b. $38,912
c.

$36,033

17. a. AGI
Standard deduction (limited)
Exemption amount (dependent)
Taxable income
Income tax on $14,850 (single)
b. AGI
Standard deduction
Exemption amount (dependent)
Taxable income
Income tax on $10,350 (single)
c.

AGI
Standard deduction ($5,350 + $1,300)
Exemption amount
Taxable income

$15,700
(850)
-0$14,850
$1,836
$15,700
(5,350)
-0$10,350
$1,161
$15,700
(6,650)
(3,400)
$5,650

Income tax on $5,650 (single)

$565

18. a. An additional exemption reduces Mr. and Mrs. PJs taxable income by $3,400.
b. An additional exemption reduces Mr. and Mrs. SGs taxable income by $2,629 ($3,400
[$3,400 34% 66.7%] based on the Exemption Amount Worksheet in Appendix 14.B).
c.

An additional exemption reduces Mr. and Mrs. SGs taxable income by $1,132 ($3,400
[$3,400 100% 66.7%] based on the Exemption Amount Worksheet in Appendix 14.B).

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Chapter14TheIndividualTaxFormula
19. a. Mr. and Mrs. Ms AGI
Standard deduction
Exemption amount ($3,400 2)
Taxable income

$209,000
(10,700)
(6,800)
$191,500

Income tax on $191,500 (married filing jointly)

$42,613

b. Mr. and Mrs. Ms separate returns would show the following.

c.

Mr. M

Mrs. M

AGI
Standard deduction
Exemption amount
Taxable income

$95,000
(5,350)
(3,400)
$86,250

$114,000
(5,350)
(3,400)
$105,250

Income tax (MFS)

$18,646

$24,333

Combined tax

$42,979

If Mr. and Mrs. M could file as single taxpayers, their returns would show the following.
Mr. M

Mrs. M

AGI
Standard deduction
Exemption amount
Taxable income

$95,000
(5,350)
(3,400)
$86,250

$114,000
(5,350)
(3,400)
$105,250

Income tax (single)

$18,261

$23,581

Tax on joint return from part a.


Combined tax as single taxpayers
Marriage penalty

$42,613
(41,842)
$771

20. The $2,500 expense shift will decrease Ms. NMs 2007 taxable income by only $350 ($5,700
itemized deductions $5,350 standard deduction) The shift will reduce her 2008 taxable income
by $2,500 ($5,700 itemized deductions + $2,500 additional deductions).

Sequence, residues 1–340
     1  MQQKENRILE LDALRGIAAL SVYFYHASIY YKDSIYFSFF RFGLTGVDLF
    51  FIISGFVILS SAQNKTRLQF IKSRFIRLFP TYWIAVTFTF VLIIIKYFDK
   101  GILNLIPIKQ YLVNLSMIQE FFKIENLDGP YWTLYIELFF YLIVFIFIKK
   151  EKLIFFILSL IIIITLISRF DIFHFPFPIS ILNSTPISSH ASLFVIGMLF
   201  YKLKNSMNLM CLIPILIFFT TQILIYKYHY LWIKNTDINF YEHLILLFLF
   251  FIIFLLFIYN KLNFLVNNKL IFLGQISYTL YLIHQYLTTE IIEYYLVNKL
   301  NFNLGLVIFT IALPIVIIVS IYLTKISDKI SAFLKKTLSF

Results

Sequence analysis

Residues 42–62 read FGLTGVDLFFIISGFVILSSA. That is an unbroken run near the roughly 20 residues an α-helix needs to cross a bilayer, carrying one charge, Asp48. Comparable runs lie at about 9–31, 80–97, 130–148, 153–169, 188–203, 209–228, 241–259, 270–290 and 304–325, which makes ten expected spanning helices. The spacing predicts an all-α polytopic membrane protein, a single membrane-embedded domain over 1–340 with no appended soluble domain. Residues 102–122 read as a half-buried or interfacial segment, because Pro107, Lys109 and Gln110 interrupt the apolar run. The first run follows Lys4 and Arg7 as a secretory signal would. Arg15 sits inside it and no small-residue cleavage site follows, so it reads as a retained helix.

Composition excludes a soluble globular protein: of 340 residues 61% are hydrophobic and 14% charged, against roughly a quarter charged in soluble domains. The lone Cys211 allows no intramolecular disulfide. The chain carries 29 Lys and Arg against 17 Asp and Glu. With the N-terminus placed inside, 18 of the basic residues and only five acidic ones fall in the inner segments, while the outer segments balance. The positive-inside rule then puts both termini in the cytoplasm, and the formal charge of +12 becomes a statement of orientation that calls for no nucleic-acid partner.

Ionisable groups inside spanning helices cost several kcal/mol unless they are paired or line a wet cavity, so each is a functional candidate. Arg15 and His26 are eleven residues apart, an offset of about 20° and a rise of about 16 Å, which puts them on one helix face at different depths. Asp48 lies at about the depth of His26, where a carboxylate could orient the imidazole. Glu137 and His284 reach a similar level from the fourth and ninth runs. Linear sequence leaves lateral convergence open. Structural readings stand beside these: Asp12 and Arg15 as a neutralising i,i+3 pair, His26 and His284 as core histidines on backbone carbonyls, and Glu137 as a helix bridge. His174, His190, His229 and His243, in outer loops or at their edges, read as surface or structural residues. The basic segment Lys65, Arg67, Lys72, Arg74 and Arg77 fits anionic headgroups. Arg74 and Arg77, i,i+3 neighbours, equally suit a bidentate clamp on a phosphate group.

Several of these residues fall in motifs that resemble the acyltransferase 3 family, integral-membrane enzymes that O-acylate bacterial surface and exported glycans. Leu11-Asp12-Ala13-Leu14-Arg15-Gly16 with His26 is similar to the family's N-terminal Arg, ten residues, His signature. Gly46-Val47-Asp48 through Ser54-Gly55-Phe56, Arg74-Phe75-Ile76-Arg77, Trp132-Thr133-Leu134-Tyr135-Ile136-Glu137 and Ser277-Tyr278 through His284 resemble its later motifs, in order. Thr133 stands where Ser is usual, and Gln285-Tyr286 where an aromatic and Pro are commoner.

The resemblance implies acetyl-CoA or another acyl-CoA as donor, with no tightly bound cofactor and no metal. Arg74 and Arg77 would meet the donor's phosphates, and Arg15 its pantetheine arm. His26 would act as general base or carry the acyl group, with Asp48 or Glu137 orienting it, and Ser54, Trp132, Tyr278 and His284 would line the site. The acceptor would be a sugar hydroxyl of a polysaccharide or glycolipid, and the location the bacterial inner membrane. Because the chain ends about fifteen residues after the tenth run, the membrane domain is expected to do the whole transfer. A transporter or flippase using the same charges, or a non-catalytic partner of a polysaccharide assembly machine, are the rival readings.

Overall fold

21. a. Mrs. As AGI
Standard deduction
Exemption amount ($3,400 2)
Taxable income

$40,000
(7,850)
(6,800)
$25,350

Income tax on $25,350 (head of household)


b. Childs AGI
Standard deduction
Exemption amount
Taxable income

$3,243
$5,485
(5,350)
-0$135

Income tax on $135 (single)

$14

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Chapter14TheIndividualTaxFormula
22. Mr. GWs AGI
Standard deduction
Exemption amount ($3,400 2)
Taxable income

$29,600
(7,850)
(6,800)
$14,950

Precredit tax on $14,950 (head of household)


Child credit
Dependent care credit ($1,630 cost 27%)
Income tax

$1,683
(1,000)
(440)
$243

The dependent care credit percentage is computed as follows.


AGI
AGI floor
Excess AGI

$29,600
(15,000)
$14,600

$14,600 excess AGI $2,000 = 7.3


Maximum credit percentage
Reduction (rounded up to whole point
Credit percentage

35%
(8)
27%

23. a. $3,000 child credit ($1,000 3 children under age 17)


b.

AGI
AGI threshold
Excess AGI

$131,600
(110,000)
$21,600

$21,600 excess AGI $1,000 (rounded up)


Maximum total credit
Phaseout ($50 22)
Child credit
c.

22

$3,000
(1,100)
$1,900

AGI
AGI threshold
Excess AGI

$167,000
(110,000)
$57,000

$57,000 excess AGI $1,000 (rounded up)


Maximum total credit
Phaseout ($50 57)
Child credit

57

$3,000
(2,850)
$150

24. a. Because Mrs. OP has no earned income, the couple has no dependent care credit.
b. Mr. and Mrs. OP have two qualifying children, and the lesser of their earned incomes
($28,000) exceeds the $6,000 limitation on the cost for computing the dependent care credit.
Consequently, their dependent care credit is $1,200 (20% $6,000).
25. a. The Coulters child credit is $4,000 ($1,000 four children).
b. The Coulters dependent care credit is $828 ($3,600 cost 23%).
AGI
AGI floor
Excess AGI

$37,600
(15,000)
$22,600

$22,600 excess AGI $2,000 = 11.3


Maximum credit percentage
Reduction (rounded up to whole point
Credit percentage
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35%
(12)
23%

Chapter14TheIndividualTaxFormula
c.

If the Coulters AGI is $137,700, their child credit is $2,600.


AGI
AGI threshold
Excess AGI

$137,700
(110,000)
$27,700

$27,700 excess AGI $1,000 (rounded up)


Maximum total credit
Phaseout ($50 28)
Child credit

28

$4,000
(1,400)
$2,600

The Coulters dependent care credit is $720 ($3,600 cost 20%).


26. Mr. Rs payroll tax withheld:
MT Inc. ($82,600 7.65%)
PK Company ($93,000 7.65%)

$6,319
7,115
$13,434

Mr. Rs 2007 payroll tax on $175,600 salary:


$97,500 (maximum) 6.2%
$175,600 1.45%

$6,045
2,546
(8,591)
$4,843

Excess payroll tax withholding credit


27. Mr. and Mrs. Ks AGI
Standard deduction
Exemption amount ($3,400 4)
Taxable income
Income tax
Refund of federal tax withheld
Earned income credit
Tax refund

$14,610
(10,700)
(13,600)
-0-0$850
4,716
$5,566

28. a. Mr. and Mrs. BHs AMTI before exemption


$203,000
AMTI exemption:
$62,550 (25% [$203,000 $150,000])
(49,300)
Taxable AMTI
$153,700
Tentative minimum tax:
$153,700 AMTI 26%
Regular tax on $200,000 (married filing jointly)
AMT
b. Mr. CKs AMTI before exemption
AMTI exemption
Taxable AMTI